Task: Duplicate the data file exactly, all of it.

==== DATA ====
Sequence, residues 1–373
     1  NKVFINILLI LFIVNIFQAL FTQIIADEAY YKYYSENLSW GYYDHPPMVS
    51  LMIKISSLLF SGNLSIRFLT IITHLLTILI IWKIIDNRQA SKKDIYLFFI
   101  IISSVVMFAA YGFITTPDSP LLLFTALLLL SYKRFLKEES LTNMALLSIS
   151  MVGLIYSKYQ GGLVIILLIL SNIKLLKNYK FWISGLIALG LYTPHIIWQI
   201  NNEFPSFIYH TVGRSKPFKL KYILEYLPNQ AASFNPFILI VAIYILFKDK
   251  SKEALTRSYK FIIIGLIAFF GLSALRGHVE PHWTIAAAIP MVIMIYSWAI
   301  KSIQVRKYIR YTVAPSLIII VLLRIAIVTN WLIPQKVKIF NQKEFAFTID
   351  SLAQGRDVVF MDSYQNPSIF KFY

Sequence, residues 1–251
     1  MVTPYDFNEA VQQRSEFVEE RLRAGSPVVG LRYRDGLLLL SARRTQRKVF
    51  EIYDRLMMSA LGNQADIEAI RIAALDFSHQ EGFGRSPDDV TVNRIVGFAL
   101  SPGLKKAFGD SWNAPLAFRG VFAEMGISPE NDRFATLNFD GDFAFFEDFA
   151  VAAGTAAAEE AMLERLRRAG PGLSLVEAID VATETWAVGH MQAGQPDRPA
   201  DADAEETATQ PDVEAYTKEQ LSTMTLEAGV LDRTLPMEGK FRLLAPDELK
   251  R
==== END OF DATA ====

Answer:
Sequence, residues 1–373
     1  NKVFINILLI LFIVNIFQAL FTQIIADEAY YKYYSENLSW GYYDHPPMVS
    51  LMIKISSLLF SGNLSIRFLT IITHLLTILI IWKIIDNRQA SKKDIYLFFI
   101  IISSVVMFAA YGFITTPDSP LLLFTALLLL SYKRFLKEES LTNMALLSIS
   151  MVGLIYSKYQ GGLVIILLIL SNIKLLKNYK FWISGLIALG LYTPHIIWQI
   201  NNEFPSFIYH TVGRSKPFKL KYILEYLPNQ AASFNPFILI VAIYILFKDK
   251  SKEALTRSYK FIIIGLIAFF GLSALRGHVE PHWTIAAAIP MVIMIYSWAI
   301  KSIQVRKYIR YTVAPSLIII VLLRIAIVTN WLIPQKVKIF NQKEFAFTID
   351  SLAQGRDVVF MDSYQNPSIF KFY

Sequence, residues 1–251
     1  MVTPYDFNEA VQQRSEFVEE RLRAGSPVVG LRYRDGLLLL SARRTQRKVF
    51  EIYDRLMMSA LGNQADIEAI RIAALDFSHQ EGFGRSPDDV TVNRIVGFAL
   101  SPGLKKAFGD SWNAPLAFRG VFAEMGISPE NDRFATLNFD GDFAFFEDFA
   151  VAAGTAAAEE AMLERLRRAG PGLSLVEAID VATETWAVGH MQAGQPDRPA
   201  DADAEETATQ PDVEAYTKEQ LSTMTLEAGV LDRTLPMEGK FRLLAPDELK
   251  R